Post Date : April 1, 2021
The National Highways Authority of India has constituted a subsidiary for logistics movement across the country to streamline its logistics business. It has decided to transfer the existing nine contracts to the arm and allocate the future logistics projects to this subsidiary as well.
NHAI has rechristened Cochin Port Road Private Ltd as National Highways Logistics Management Company to oversee multimodal logistics parks and port connectivity projects.
“We don’t have individual SPVs (special purpose vehicles) for each port connectivity project. They now come under the umbrella company National Highways Logistics Management Company,” an executive said.
NHAI proposed to make the firm a holding company for all logistics SPVs for the first time in November 2020. Now with this move, all the previous SPVs have been merged into this subsidiary and also the new ones will be formed by the entity.
The centre believes that having a dedicated entity for cargo movement between ports and roads will lead to revenue and fuel savings and will also provide enhanced connectivity for goods movement and improve first mile connectivity.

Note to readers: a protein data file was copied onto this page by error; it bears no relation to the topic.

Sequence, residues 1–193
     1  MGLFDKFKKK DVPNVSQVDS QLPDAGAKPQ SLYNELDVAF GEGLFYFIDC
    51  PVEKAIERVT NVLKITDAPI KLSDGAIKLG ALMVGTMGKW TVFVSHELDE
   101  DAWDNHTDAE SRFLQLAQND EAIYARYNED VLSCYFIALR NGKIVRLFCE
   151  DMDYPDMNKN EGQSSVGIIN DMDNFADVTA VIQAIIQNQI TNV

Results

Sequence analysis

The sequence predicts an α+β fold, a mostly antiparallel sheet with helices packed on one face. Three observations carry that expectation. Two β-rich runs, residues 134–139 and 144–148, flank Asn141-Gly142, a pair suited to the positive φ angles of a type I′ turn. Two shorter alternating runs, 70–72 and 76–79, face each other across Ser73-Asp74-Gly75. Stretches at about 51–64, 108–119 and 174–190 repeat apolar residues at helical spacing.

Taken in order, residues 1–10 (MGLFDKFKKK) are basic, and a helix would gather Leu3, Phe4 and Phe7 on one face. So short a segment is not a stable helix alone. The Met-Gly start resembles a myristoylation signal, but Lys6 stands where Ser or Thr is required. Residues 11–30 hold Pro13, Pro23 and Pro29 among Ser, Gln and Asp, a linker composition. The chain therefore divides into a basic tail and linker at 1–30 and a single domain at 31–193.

“We often say last-mile connectivity (for link between land and port), but it is essentially the first mile because if that part is not covered it will hamper the overall supply chain,” the executive added.
The centre ensures that the roads will be built in such a manner that they won’t impact city traffic despite all-day truck movement. This, in turn, will reduce turnaround time for the transporters and improve their revenue.
To improve port connectivity, the ministry of road transport and highways plans to develop multi-modal logistics parks under its logistics efficiency enhancement programme (LEEP) in 15 locations all over India at a cost of Rs 33,000 crore.
Further, in 2016 the ministry had said it will take up 82 road projects, along with the NHAI, under the Bharatmala scheme, to improve port connectivity.
The projects are part of the broader highway expansion plans for connecting economic hubs to major and minor ports, via road and rail.
Around 1,500 major bridges and 200 rail bridges are part of this, as is connectivity to district headquarters and the Char Dham (Kedarnath, Badrinath, Yamunotri & Gangotri).
Source: Business Standard